nintendo 3ds

Nintendo’s New 3DS XL promises 3.5 to 7 hours of battery life, which is quite a large range. These tips will help you get as much battery life as possible out of your 3DS, whether you’re gaming or it’s just sitting in your pocket.

This advice applies to all models of Nintendo 3DS — New 3DS XL, New 3DS, 3DS XL, 3DS, and even the 2DS. The New 3DS models have better battery life than the original 3DS models.

Disable 3D

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The 3D feature uses quite a bit of battery power — when it’s enabled, the 3DS has to create and display two separate images on the top screen. On the New 3DS, the “super-stable 3D” feature uses your device’s camera to track your eyes and adjust the 3D image. This means that your 3DS has to provide power to the camera while 3D is enabled, too.

You should see another hour or more of battery life if you disable it. To disable it, just slide the 3D depth slider at the right side of the top display all the way to the bottom. When you want to prolong your battery life as much as possible, this is the feature to disable.

nintendo 3ds 3d slider

Lower Your Screen Brightness

As with any portable device, the 3DS will use more power when its screen brightness is higher. You can lower your screen brightness to save power and extend your battery life.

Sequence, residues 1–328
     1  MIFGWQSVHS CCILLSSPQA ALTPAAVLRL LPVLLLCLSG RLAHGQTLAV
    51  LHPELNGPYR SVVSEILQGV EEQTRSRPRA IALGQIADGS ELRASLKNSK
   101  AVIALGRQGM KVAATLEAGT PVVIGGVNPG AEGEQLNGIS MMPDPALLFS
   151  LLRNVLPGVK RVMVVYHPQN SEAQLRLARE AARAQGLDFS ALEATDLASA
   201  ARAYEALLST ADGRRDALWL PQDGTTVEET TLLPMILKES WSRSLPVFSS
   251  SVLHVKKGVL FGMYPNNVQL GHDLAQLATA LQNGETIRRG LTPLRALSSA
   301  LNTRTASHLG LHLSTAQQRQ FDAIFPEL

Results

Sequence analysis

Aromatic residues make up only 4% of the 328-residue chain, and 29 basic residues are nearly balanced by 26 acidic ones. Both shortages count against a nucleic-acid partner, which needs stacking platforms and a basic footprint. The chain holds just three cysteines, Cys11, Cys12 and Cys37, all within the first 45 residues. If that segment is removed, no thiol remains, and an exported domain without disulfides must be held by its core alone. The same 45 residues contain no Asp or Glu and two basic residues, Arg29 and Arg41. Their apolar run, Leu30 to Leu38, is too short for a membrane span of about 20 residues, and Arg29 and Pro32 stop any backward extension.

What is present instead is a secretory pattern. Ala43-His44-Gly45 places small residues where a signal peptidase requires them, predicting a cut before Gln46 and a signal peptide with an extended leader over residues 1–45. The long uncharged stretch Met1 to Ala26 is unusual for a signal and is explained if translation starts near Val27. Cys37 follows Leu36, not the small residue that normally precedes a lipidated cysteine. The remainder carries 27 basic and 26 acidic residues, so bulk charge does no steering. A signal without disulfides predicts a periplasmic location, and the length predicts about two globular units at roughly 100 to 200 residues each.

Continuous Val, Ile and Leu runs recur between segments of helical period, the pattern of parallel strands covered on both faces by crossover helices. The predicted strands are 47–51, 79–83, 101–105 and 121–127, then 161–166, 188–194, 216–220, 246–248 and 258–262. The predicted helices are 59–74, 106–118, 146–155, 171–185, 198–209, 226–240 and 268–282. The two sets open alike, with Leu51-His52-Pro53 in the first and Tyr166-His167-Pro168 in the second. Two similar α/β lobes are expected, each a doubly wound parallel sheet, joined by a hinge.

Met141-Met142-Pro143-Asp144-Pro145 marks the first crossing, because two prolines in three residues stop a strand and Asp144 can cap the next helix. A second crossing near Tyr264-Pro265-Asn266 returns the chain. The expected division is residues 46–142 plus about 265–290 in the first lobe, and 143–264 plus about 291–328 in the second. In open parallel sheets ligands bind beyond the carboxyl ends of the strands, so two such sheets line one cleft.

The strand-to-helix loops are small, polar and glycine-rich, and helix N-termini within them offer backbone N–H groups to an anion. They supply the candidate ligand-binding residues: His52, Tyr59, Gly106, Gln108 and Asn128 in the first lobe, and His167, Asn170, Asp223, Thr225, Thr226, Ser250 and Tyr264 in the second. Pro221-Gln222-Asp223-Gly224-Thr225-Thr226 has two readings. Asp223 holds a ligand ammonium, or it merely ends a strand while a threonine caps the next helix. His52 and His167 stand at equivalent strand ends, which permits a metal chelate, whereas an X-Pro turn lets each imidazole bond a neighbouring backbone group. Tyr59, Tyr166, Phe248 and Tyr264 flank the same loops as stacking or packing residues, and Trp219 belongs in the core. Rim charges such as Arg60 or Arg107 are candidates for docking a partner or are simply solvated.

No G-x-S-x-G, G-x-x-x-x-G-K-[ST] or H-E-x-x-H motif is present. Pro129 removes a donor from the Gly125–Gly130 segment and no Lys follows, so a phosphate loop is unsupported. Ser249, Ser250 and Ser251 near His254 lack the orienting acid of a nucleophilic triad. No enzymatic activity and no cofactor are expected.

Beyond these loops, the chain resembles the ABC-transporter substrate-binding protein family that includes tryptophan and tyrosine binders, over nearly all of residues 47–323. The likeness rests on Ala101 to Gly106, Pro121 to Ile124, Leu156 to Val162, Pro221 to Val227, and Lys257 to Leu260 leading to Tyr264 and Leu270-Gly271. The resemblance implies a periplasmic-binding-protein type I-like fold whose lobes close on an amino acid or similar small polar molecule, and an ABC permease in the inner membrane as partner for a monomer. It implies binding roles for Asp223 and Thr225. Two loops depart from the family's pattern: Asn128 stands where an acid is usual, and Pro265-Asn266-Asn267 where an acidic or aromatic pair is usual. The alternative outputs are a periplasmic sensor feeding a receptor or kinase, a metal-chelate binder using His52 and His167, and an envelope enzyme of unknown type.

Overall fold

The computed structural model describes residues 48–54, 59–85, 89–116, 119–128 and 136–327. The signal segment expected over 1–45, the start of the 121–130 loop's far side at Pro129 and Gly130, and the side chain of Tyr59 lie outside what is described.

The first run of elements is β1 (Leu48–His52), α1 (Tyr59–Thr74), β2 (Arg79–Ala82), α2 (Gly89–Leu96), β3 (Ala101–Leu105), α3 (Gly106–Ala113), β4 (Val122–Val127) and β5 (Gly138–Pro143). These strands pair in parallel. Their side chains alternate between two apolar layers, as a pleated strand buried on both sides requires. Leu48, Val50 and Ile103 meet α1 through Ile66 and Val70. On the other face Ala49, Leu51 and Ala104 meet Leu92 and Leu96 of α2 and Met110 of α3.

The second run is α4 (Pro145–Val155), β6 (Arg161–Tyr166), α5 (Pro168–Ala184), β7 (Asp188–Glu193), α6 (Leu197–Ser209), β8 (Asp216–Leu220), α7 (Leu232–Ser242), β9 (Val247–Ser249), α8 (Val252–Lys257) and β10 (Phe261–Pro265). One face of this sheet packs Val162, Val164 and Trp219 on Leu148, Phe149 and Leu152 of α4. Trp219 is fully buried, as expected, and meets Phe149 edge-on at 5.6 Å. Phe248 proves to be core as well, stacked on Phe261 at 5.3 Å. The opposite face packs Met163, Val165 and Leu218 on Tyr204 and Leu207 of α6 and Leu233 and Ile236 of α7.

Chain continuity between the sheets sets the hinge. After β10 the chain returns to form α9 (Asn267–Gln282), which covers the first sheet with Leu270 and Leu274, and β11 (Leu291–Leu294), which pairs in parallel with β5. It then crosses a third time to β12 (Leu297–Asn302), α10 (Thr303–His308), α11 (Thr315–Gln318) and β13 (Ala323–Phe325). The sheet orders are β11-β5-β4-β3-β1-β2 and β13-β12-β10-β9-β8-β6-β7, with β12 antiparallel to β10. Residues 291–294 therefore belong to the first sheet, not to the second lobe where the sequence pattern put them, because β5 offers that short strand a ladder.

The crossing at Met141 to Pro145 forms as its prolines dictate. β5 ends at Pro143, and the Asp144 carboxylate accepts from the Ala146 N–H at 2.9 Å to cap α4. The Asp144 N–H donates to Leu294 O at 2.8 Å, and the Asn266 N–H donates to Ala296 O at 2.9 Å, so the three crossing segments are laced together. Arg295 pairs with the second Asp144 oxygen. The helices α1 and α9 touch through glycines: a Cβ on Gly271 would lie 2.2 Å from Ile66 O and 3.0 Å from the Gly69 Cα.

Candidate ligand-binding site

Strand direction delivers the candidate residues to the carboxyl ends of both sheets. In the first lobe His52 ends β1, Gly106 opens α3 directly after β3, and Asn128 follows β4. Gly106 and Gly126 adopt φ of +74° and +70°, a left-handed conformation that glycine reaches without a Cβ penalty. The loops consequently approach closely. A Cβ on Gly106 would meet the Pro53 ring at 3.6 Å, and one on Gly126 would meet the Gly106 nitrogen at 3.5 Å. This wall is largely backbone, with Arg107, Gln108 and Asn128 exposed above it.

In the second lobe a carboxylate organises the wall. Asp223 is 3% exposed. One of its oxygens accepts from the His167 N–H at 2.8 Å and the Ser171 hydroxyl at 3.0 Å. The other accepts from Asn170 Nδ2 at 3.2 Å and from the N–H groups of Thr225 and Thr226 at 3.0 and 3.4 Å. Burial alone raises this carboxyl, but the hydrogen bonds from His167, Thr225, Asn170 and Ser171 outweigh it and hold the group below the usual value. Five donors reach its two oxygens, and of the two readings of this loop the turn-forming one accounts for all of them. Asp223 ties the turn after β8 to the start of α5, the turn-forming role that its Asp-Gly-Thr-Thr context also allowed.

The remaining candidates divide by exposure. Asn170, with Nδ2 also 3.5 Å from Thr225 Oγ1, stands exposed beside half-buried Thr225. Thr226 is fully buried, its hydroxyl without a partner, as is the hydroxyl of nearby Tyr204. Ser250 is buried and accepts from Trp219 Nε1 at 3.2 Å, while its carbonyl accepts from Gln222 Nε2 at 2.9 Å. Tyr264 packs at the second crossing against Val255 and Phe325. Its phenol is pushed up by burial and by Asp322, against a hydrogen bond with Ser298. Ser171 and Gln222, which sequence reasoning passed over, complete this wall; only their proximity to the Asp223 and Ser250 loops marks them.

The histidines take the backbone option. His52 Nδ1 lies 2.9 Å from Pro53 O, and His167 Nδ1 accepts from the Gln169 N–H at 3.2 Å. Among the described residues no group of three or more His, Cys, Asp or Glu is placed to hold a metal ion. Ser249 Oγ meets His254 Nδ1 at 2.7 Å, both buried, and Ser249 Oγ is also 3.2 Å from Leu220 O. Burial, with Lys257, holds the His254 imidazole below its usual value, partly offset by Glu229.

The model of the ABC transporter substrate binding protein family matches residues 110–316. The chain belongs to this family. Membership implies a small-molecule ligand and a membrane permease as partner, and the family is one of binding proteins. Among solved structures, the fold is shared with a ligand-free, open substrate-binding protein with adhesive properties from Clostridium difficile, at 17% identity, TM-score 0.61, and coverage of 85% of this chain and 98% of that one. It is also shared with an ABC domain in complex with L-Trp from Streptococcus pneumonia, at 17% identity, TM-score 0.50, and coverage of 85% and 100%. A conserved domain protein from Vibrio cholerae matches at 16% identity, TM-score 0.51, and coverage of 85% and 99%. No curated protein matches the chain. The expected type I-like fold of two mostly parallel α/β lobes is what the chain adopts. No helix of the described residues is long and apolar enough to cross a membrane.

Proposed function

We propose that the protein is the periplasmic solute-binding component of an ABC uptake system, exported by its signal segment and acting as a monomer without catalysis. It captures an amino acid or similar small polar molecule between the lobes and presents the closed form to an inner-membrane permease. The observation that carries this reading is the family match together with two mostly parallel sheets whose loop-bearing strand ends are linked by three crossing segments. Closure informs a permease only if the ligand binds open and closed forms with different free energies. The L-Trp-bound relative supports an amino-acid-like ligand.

To do this, visit the home screen, tap the settings icon at the top-left corner, and choose a lower brightness level under “Screen Brightness.”

The New 3DS models offer “Auto-Brightness,” which is enabled by default — they’ll automatically lower screen brightness levels when necessary by monitoring how bright it is in your environment. Older models will require you lower screen brightness manually.

Activate Power-Saving Mode

You’ll also find a “Power-Saving Mode” option in the settings menu accessible from the home screen. When this option is enabled, Nintendo says you’ll get 10-20 percent more battery life from your 3DS:

“Employing a technology called ‘active backlight,’ this feature ‘precisely controls the brightness of the backlight according to the brightness of the screen being displayed,'” Umezu explained. “When the screen as a whole is dark, the backlight itself gets darker, which saves power.”

You should notice the difference after you enable this feature. The contrast will be lower and colors will be adjusted — whites become a bit more yellowish. Essentially, you’re getting worse picture quality and longer battery life when this feature is enabled.

Disable Wi-Fi

Wi-Fi also uses battery life. You need to use Wi-Fi when performing a system update, accessing the eShop, or playing multiplayer games. It’s also used for StreetPass, which automatically detects and exchanges data with other 3DS systems as you walk around with it in your pocket or bag. But you may not care about those features. If you’re just playing single-player games and don’t care about StreetPass, you don’t need Wi-FI on all the time.

To disable Wi-Fi, visit the home screen, tap the Settings icon in the top-left corner, and set “Wireless Communication” to Off. You can re-enable it whenever you want to use a feature that requires Internet access.

Avoid Using Suspend and Sleep Mode